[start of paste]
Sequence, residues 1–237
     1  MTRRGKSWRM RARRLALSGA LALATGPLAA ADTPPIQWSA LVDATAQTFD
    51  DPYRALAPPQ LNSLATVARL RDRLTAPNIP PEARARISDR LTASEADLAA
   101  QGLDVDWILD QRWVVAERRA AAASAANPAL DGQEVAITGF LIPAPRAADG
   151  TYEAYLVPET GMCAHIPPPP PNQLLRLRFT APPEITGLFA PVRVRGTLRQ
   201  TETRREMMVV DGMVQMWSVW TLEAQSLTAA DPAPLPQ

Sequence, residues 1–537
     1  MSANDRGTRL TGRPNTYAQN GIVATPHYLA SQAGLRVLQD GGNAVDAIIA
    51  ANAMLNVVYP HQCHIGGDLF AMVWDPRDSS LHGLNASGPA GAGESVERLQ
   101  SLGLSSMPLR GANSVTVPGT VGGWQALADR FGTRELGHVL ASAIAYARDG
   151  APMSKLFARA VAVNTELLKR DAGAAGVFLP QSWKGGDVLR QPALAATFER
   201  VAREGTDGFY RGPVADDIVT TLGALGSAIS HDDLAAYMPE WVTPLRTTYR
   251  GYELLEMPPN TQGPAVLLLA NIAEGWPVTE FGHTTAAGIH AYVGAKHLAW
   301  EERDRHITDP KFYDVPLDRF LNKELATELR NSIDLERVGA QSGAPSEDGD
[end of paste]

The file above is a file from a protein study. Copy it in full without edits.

Sequence, residues 1–237
     1  MTRRGKSWRM RARRLALSGA LALATGPLAA ADTPPIQWSA LVDATAQTFD
    51  DPYRALAPPQ LNSLATVARL RDRLTAPNIP PEARARISDR LTASEADLAA
   101  QGLDVDWILD QRWVVAERRA AAASAANPAL DGQEVAITGF LIPAPRAADG
   151  TYEAYLVPET GMCAHIPPPP PNQLLRLRFT APPEITGLFA PVRVRGTLRQ
   201  TETRREMMVV DGMVQMWSVW TLEAQSLTAA DPAPLPQ

Sequence, residues 1–537
     1  MSANDRGTRL TGRPNTYAQN GIVATPHYLA SQAGLRVLQD GGNAVDAIIA
    51  ANAMLNVVYP HQCHIGGDLF AMVWDPRDSS LHGLNASGPA GAGESVERLQ
   101  SLGLSSMPLR GANSVTVPGT VGGWQALADR FGTRELGHVL ASAIAYARDG
   151  APMSKLFARA VAVNTELLKR DAGAAGVFLP QSWKGGDVLR QPALAATFER
   201  VAREGTDGFY RGPVADDIVT TLGALGSAIS HDDLAAYMPE WVTPLRTTYR
   251  GYELLEMPPN TQGPAVLLLA NIAEGWPVTE FGHTTAAGIH AYVGAKHLAW
   301  EERDRHITDP KFYDVPLDRF LNKELATELR NSIDLERVGA QSGAPSEDGD